Lewellen reports on the predictive power of dividend yield, book to market, and the earnings-price ratio. He shows that previous studies overstate the bias in predictive regressions and consequently understate the forecasting power of the three financial ratios. Dividend yield predicts stock returns from 1946-97, as well as in various subperiods. Book-to-market and the earnings-price ratio predict returns during the shorter 1963-97 sample. The evidence remains strong despite the ratios' poor forecasting ability in recent years.

Gomes, Yaron, and Zhang ask whether firms' financing constraints are quantitatively important in explaining asset returns. To answer this question they first show that, for a large class of theoretical models, these constraints have a parsimonious representation amenable to empirical analysis. They find that financing frictions lower both the market Sharpe ratio and the correlation between the pricing kernel and returns. Consequently, these frictions significantly worsen the performance of investment-based asset pricing models. These results bring into question whether the asset pricing fluctuations, induced by the presence of the financing constraints, provide a realistic channel for the propagation mechanism in several macroeconomic models.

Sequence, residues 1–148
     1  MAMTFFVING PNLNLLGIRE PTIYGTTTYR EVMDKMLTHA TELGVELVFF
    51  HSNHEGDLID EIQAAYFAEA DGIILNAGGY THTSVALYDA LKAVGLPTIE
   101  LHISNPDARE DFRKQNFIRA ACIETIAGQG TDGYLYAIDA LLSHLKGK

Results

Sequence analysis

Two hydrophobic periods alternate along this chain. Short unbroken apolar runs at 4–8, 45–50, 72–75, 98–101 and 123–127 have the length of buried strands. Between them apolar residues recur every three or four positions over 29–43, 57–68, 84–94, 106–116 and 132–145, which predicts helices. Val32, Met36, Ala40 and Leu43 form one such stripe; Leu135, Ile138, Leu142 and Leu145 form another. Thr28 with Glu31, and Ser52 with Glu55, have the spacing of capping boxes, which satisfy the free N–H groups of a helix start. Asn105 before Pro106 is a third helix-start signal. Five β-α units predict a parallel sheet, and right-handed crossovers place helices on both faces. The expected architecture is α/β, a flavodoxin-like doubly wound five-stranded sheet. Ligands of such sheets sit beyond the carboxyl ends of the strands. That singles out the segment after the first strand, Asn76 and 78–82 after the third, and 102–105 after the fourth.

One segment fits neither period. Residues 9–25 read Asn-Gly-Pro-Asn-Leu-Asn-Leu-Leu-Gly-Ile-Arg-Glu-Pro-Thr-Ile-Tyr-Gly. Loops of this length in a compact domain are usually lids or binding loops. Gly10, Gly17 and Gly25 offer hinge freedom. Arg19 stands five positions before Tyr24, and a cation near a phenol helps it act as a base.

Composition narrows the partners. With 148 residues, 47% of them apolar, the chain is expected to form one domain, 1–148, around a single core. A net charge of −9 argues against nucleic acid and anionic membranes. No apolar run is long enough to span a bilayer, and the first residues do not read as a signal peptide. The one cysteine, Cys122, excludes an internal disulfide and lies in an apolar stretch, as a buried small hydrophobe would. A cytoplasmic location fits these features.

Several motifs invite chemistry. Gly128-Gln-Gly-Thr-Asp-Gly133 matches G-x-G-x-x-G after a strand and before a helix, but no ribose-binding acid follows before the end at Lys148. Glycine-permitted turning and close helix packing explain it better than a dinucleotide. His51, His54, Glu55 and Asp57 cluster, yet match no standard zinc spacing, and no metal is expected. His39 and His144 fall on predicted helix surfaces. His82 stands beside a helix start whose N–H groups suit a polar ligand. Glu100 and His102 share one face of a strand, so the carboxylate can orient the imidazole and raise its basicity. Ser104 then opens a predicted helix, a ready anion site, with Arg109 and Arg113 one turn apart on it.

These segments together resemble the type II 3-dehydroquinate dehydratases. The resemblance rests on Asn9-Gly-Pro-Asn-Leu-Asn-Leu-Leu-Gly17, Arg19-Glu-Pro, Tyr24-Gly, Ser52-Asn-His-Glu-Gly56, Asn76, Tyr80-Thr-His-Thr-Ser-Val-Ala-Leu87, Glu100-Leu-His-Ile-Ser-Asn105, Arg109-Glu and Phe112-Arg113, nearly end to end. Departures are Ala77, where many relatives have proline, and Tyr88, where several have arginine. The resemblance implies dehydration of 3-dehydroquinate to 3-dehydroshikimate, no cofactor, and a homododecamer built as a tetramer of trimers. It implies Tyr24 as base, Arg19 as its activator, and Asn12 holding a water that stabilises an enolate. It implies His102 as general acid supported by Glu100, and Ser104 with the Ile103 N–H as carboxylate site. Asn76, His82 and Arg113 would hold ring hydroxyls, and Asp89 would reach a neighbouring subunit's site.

Exchange rates depreciate by the difference between the domestic and foreign marginal utility growths. Exchange rates vary a lot, as much as 10 percent per year. However, equity premiums imply that marginal utility growths vary much more, by at least 50 percent per year. This means that marginal utility growths must be highly correlated across countries -- international risksharing is better than you think. Conversely, if risks really are not shared internationally, exchange rates should vary more than they do -- exchange rates are thus much too smooth. Brandt, Cochrane, and Santa-Clara calculate an index of international risksharing that formalizes this intuition in the context of both complete and incomplete capital markets. Their results suggest that risksharing is indeed very high across several pairs of countries.